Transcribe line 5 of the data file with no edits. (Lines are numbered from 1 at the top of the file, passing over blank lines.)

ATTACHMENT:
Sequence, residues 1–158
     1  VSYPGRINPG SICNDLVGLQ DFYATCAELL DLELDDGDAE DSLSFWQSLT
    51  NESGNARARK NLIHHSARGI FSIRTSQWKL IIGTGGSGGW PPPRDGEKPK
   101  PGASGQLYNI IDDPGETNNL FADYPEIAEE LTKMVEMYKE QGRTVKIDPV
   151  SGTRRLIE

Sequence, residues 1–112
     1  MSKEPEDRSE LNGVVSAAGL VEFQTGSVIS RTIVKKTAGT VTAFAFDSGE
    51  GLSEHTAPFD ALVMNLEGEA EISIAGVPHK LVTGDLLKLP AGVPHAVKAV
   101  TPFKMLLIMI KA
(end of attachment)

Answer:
   151  SGTRRLIE